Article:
You should not rush into the manifestation determination process. ARD Committees are responsible for deciding if a student’s behavior is a manifestation of the student’s disability. This is not always a simple matter, and even when it appears to be simple, the ARD is well advised to take enough time to be sure that the process is done “carefully and thoroughly.” We put those words in quotes because they come directly from the report of the House-Senate Conference Committee that gave final approval to the language of the law.
Here are the comments of the Conference Committee on this subject in full, with emphasis added by me:
The Conferees intend to assure that the manifestation determination is done carefully and thoroughly with consideration of any rare or extraordinary circumstances presented. Additionally, it is the intention of the Conferees that when a student has violated a code of conduct school personnel may consider any unique circumstances on a case-by-case basis to determine to whether a change of placement for discipline purposes is appropriate. The Conferees intend that if a change in placement is proposed, the manifestation determination will analyze the child’s behavior as demonstrated across settings and across time when determining whether the conduct in question is a direct result of the disability.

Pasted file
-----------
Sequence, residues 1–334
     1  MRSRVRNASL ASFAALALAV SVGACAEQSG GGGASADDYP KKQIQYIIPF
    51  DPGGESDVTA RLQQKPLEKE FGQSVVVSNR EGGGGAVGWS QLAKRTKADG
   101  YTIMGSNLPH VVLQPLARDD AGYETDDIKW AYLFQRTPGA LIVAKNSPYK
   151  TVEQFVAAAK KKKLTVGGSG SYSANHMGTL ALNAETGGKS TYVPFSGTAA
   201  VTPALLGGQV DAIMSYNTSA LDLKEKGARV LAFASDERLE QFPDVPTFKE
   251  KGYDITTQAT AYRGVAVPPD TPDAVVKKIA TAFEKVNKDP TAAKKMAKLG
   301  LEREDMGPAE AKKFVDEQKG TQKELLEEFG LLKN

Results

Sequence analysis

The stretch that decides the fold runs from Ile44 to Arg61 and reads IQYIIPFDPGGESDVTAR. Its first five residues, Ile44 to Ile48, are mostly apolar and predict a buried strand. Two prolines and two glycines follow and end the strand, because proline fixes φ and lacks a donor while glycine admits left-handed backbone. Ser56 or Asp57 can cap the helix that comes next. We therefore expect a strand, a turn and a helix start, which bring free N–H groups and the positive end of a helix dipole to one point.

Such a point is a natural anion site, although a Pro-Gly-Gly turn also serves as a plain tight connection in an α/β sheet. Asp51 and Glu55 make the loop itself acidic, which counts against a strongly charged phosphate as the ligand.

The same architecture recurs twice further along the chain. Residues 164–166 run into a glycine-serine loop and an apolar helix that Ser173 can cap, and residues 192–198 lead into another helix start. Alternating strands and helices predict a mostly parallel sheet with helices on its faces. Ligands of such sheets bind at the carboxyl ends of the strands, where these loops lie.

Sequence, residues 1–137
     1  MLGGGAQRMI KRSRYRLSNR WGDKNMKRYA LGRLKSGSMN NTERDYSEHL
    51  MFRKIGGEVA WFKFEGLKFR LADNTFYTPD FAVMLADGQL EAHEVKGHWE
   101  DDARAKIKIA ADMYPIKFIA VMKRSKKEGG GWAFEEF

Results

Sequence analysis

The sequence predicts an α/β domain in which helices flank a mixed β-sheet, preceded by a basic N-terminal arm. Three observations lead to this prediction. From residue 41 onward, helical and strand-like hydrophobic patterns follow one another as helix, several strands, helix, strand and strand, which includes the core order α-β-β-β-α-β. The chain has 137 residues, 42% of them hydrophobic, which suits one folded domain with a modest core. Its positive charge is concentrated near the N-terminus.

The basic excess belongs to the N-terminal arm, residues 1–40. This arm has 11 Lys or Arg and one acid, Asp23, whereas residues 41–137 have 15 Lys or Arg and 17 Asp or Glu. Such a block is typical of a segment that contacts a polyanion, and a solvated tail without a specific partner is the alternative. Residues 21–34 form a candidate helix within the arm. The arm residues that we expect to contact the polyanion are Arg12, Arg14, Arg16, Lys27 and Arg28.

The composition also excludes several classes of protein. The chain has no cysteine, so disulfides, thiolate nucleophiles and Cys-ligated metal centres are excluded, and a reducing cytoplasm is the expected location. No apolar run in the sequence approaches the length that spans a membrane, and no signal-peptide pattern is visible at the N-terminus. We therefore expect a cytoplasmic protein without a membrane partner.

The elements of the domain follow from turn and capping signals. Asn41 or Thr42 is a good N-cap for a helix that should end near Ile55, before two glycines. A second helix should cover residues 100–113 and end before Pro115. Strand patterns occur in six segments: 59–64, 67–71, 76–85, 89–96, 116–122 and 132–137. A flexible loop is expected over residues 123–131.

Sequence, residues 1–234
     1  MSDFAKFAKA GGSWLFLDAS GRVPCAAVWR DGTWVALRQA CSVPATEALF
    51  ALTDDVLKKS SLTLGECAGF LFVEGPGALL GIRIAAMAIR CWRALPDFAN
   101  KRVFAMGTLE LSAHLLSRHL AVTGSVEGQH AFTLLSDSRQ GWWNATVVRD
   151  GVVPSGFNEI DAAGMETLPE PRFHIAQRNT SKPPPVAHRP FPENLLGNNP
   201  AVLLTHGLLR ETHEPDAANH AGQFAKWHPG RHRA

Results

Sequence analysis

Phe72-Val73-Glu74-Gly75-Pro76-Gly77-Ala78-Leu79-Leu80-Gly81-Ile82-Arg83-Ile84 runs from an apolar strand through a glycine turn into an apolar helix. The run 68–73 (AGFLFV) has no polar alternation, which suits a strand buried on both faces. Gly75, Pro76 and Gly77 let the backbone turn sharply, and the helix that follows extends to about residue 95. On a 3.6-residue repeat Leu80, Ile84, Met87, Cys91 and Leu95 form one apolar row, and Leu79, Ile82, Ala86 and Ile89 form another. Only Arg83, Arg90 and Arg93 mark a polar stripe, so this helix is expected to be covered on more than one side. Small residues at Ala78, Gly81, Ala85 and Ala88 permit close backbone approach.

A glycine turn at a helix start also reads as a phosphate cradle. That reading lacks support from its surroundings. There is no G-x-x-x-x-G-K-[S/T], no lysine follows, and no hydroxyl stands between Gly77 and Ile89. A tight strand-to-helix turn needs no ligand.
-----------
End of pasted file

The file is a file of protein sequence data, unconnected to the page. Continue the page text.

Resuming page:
The Conferees intend that in situations where the local educational agency, the parent and the relevant members of the IEP team determine that the conduct was the direct result of the child’s disability, a child with a disability should not be subject to discipline in the same manner as a non-disabled child.
Conferees intend that in order to determine that the conduct in question was a manifestation of the child's disability, the local educational agency, the parent and the relevant members of the IEP team must determine the conduct in question be the direct result of the child's disability. It is intention of the Conferees that the conduct in question was caused by, or has a direct and substantial relationship to, the child's disability, and is not an attenuated association, such as low self-esteem, to the child's disability.